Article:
Fortinet Partner Best Practices - Solution and Service
5800 Granite Parkway, Suite 460, Plano, TX 75024
Tel: 972.798.1288 Fax: 469.362.1179
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Total Profit Solutions for IT Companies™
OML Trait: Solution and Service
Once Service Revenue reaches about 15% of a Solution Provider’s total Revenue, they have started to
build one or more Service "factories", that is, service delivery processes which require investment at a
minimum level to be able to commit to delivering that specific Professional or Managed Service at a
reliable, repeatable, scalable level of quality and Gross Margin. Below this level of investment, they will
not be able to respond in a timely fashion to Sales support requests and/or they will not be able to
deliver the Service with acceptable promptness, quality and margin.
Once Service becomes at least 40% of their Revenue, then consideration for financial health of their
Service factories outweighs consideration for the amount of product they sell (although, it is important
to note that product sales do not have to drop or stop growing).
As a result, top-performing Solution Providers pay close attention to how new solutions and Services
are planned for, both financially (volume and margin curves) and from the point of view of
implementing high quality, scalable Sales support and solution/Service delivery.
Top-performing Solution Providers’ Sales and Service teams are able to create and roll out new
solutions and services with excellence. The Service team delivers from the start with high quality and
Sales and Marketing delivers the necessary pace and volume of deals around the new solution and
service for Service to rapidly drive down the cost of delivery.
Indeed, this capability is a key competitive advantage in the eyes of their target customer segments but
one that their team doesn't publicly discuss. The ability to effectively develop a new solution or service
and bring it to operational maturity more quickly than the competition, is a best practice above and
beyond any specific technical skills they may have.
When a Solution Provider decides to add a Service – in this case a solution practice – it is essentially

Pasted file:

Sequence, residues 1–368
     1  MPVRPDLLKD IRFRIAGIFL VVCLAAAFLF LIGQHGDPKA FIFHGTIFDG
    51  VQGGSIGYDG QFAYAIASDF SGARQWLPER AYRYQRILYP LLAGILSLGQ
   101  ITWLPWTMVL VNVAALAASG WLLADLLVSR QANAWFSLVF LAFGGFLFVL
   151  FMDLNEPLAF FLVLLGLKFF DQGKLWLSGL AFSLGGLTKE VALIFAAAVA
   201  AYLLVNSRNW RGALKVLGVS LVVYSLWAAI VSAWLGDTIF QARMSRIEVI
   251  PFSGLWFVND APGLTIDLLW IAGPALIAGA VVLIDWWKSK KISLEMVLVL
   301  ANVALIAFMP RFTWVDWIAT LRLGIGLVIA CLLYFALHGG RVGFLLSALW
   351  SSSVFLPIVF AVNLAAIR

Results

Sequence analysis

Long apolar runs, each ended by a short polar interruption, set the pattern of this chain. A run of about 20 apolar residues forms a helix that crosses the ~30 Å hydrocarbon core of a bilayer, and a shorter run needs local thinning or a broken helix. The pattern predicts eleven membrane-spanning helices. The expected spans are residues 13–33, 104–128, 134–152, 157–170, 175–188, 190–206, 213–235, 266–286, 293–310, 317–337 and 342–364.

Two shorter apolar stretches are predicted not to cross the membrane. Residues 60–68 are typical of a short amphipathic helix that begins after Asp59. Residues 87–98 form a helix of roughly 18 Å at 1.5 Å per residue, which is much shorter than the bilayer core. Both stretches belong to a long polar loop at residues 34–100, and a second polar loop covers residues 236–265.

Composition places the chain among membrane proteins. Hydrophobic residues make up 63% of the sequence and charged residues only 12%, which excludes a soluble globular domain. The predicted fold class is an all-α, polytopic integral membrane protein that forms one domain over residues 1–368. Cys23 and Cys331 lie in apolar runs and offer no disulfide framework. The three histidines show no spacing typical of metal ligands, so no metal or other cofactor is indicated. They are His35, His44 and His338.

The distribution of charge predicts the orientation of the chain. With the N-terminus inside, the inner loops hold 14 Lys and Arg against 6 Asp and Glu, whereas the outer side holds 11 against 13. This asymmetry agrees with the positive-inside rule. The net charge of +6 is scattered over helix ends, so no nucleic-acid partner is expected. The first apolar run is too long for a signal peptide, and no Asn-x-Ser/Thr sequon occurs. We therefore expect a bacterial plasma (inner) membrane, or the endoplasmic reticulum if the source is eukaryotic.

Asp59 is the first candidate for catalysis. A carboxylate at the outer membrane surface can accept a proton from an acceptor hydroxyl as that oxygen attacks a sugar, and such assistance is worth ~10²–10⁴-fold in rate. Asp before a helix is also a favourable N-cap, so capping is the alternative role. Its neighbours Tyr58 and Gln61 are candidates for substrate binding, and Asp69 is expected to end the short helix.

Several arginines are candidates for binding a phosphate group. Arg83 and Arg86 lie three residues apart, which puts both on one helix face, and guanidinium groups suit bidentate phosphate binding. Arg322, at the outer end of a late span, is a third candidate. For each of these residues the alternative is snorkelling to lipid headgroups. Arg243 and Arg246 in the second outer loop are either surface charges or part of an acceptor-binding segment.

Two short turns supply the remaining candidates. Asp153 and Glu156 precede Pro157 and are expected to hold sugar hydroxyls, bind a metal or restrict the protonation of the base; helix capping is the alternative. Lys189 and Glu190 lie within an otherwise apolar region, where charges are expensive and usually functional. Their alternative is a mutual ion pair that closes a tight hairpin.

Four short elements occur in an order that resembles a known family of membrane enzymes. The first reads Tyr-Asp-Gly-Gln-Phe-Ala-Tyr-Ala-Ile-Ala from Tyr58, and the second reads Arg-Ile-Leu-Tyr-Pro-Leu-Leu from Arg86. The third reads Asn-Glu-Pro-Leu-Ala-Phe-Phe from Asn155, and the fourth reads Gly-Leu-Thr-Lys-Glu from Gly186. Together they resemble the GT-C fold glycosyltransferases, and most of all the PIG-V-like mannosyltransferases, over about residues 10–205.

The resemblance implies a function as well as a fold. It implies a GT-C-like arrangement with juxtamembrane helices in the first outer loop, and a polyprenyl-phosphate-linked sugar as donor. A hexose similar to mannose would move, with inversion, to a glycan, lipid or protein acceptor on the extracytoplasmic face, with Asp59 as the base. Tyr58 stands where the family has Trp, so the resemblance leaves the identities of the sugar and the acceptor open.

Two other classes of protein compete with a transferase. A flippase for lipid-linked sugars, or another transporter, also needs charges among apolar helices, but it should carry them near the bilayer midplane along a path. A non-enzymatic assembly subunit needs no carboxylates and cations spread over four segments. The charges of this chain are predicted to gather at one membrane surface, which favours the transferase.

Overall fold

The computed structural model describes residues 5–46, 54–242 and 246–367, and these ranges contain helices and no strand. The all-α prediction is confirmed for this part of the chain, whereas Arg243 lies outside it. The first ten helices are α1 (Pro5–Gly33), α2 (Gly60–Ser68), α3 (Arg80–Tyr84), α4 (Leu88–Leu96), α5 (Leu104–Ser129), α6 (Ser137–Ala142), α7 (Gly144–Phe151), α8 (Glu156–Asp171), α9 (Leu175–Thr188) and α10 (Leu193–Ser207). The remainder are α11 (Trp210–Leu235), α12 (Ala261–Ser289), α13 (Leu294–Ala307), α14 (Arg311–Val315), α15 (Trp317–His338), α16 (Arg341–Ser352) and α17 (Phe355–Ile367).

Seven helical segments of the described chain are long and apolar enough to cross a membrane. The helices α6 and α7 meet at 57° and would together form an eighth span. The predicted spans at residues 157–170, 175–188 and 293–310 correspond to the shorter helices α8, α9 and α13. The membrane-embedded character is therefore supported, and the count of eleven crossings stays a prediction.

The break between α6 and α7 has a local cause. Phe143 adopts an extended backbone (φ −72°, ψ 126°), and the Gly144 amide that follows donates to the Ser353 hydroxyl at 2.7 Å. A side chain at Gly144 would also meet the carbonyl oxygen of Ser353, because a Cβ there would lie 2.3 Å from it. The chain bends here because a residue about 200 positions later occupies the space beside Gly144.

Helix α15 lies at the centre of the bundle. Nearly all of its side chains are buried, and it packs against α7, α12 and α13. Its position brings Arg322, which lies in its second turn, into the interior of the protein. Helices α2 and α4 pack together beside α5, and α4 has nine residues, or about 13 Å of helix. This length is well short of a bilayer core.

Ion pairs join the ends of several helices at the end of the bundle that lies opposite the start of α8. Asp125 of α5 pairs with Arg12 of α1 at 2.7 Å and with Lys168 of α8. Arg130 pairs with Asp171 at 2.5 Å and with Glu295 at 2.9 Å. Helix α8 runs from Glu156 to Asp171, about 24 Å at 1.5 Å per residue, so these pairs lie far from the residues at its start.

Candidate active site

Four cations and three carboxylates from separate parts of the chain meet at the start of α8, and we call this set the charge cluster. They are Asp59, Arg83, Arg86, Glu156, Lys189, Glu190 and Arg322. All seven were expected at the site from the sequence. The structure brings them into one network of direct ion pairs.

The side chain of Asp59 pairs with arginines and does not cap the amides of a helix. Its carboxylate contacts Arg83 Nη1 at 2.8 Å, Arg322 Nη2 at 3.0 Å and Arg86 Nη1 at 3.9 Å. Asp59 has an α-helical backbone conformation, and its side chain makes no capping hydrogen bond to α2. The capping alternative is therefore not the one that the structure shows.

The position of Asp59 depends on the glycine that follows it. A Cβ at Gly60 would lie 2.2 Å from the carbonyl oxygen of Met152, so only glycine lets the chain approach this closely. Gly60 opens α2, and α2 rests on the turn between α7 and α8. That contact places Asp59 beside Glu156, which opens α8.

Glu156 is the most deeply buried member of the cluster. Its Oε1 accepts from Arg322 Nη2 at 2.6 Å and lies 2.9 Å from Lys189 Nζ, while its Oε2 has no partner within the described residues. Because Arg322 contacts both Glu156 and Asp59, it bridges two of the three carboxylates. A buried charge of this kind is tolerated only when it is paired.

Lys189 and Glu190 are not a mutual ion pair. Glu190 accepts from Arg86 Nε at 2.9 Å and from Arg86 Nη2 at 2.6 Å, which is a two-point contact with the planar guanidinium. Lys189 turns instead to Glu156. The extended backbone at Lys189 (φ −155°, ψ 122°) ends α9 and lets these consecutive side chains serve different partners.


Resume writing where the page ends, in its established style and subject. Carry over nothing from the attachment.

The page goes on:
building a factory. The raw materials are the products the vendor provides and the labor of the
engineers and technicians who execute the project.
The machinery in the factory is the accumulated best practices, methodology, documentation and tools
within the Solution Provider’s four walls.
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To a large degree, the “manufacturing engineer” in the Solution Provider is the CEO. It is not the Service
executive, although they are fully involved. It is not the Service executive because the factory cannot be
successfully designed unless and until Marketing defines the product; in this case, the product of course
being the vendor’s product plus the Solution Provider’s architecture, design and implementation
services for that product.
In most Solution Providers, this Marketing function is either performed by the CEO or Marketing reports
to the CEO. Therefore, at least at a high level, the engineering of the factory for delivering a new
solution falls to the CEO, who marshals the Marketing, Sales and Service executives together to come up
with a reasonable plan including the following steps:
• Step 1: Learning the basics of half of the raw materials (product technical and sales training and
• Step 2: Taking what has been learned from step 1, then building the first few prototypes to start
understanding the other half of the raw materials (how much labor of what skills are needed).
• Step 3: Taking what has been learned from step 2 and configuring the “factory floor” (what is
the specific methodology – steps, tools, checklists, software, project plans, documentation,
meeting agendas, etc. – that will be needed to reliably, repeatedly, deliver this product).
• Step 4: Testing the factory that has been built with a pre-production run and then,
• Step 5: Ramping into production.
This is a reliable way to manage risk while implementing a new Service.